Scripture Reading:  Ephesians 2:1-10

“Among whom we all once lived in the passions of our flesh, carrying out the desires of the body and the mind, and were by nature children of wrath, like the rest of mankind.” (Ephesians 2:3)

Paul is explaining the reason for sin and evil in the human experience.  He is making a strong case for our need of salvation.  The reality is that every human being, who is born by ordinary generation, is sinful by nature.  This sinful nature leads to sinful acts.  Thus, Paul says that at one time we were all “sons of disobedience.”

Our essential, primary trouble is disobedience.  It is our disobedience that leads to many of our troubles and difficulties.  Sin is not merely something passive and negative; it is active, positive and deliberate.  It is rebellion against God and against His will for our lives.  It is being disobedient to God by doing what He forbids and by failing to do what He commands.

Human beings want to be self- sufficient.  We want to be in control of our own destinies.  We want to save ourselves through our own efforts.  But the reality is — “All have sinned and fall short of the glory of God” (Romans 3:23).  Our best efforts will never qualify us for a life with God.

But the problem is deeper than disobedience.  Human beings are sinful by nature.  They “were by nature children of wrath, like the rest of mankind.”  This is strong language — “by nature children of wrath.”  The wrath of God is an expression of God’s hatred of sin and His punishment of sin.  Thus, human beings are sons of disobedience and are under the wrath of God by nature.

All of us were born into this world with a disobedient nature.  We are not born neutral; we are sinners by birth.  This sinful nature is called “original sin.”  We inherited it from our first father Adam:  “Therefore, just as sin came into the world through one man, and death through sin, and so death spread to all men because all sinned” (Romans 5:12).  All our individual sins flow from our sinful nature.  Our sins come from our sin.  As a result of this nature, “we once lived in the passions of the flesh, carrying out the desires of the body and the mind” (v. 3).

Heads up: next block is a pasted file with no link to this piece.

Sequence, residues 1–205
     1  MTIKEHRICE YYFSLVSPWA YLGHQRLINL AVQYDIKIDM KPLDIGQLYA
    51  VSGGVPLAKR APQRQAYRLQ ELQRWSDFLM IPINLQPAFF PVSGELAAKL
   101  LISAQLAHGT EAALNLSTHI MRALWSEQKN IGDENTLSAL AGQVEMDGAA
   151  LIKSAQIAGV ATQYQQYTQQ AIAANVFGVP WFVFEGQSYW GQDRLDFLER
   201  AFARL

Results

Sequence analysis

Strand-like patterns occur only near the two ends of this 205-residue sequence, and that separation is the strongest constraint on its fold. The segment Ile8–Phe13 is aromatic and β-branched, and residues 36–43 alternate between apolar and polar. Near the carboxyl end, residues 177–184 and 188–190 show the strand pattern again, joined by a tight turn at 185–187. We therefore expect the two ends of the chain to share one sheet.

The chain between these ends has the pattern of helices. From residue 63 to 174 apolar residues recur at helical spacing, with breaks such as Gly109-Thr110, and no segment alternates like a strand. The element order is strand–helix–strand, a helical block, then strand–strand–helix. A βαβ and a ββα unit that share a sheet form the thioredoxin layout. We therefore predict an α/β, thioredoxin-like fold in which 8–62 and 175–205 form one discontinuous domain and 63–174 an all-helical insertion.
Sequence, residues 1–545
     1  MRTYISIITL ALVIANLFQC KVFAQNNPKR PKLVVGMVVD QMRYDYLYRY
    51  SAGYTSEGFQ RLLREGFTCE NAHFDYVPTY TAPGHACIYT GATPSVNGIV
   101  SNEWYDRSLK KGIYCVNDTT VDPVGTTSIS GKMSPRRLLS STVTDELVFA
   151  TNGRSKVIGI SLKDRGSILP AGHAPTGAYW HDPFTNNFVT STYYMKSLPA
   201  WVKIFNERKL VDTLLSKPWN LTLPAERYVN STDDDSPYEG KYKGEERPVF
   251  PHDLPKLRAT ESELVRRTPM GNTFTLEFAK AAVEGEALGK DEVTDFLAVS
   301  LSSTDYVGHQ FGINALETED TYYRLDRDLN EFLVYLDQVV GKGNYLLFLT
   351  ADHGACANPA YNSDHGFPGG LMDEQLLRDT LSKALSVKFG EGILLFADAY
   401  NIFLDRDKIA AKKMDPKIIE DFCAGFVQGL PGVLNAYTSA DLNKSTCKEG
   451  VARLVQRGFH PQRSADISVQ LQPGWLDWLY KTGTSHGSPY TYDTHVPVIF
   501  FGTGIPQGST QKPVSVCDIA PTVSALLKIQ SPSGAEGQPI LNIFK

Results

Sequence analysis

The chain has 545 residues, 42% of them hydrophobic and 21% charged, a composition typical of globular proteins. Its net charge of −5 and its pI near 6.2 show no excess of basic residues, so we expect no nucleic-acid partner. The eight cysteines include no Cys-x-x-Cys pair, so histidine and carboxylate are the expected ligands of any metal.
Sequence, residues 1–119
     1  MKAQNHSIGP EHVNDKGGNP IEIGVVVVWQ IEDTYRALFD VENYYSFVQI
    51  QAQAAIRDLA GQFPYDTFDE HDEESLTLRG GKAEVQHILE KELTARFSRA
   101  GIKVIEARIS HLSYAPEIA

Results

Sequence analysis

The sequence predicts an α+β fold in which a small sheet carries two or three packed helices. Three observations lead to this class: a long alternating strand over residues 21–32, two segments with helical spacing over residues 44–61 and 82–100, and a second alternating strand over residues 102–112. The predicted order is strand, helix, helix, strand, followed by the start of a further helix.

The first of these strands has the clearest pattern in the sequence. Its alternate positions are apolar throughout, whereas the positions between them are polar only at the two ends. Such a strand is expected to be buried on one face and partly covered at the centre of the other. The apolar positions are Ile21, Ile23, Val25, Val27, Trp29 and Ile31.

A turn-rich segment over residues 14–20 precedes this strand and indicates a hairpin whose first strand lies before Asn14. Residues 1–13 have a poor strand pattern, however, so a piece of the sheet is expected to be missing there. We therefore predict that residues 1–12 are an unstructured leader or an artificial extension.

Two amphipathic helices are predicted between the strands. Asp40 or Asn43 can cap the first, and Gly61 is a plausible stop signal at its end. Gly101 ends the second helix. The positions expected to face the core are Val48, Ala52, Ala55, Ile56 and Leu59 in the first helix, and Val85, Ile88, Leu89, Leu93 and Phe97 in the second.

Do you see the depths of sin in which we live?  Do you see our hopelessness and helplessness apart from God’s grace?  It is only when we realize how desperate we are that we can appreciate the wonders of the gospel.  The next verse (v. 4) begins with these words:  “But God, being rich in mercy, because of the great love with which He loved us.”  God takes the initiative.  He acts on our behalf.  He comes to rescue us from our terrible state:  “He has delivered us from the domain of darkness and transferred us to the kingdom of His beloved Son, in whom we have redemption, the forgiveness of sins” (Colossians 1:13,14).

Lord God, I acknowledge my sins before You.  I know that I can never repay You for all the sinful actions and thoughts I have committed.  You came to my rescue.  You sent Jesus to die in my place, so that my sins could be forgiven.  Thank you for Your rich mercy and incomprehensible love that saved a wretch like me.


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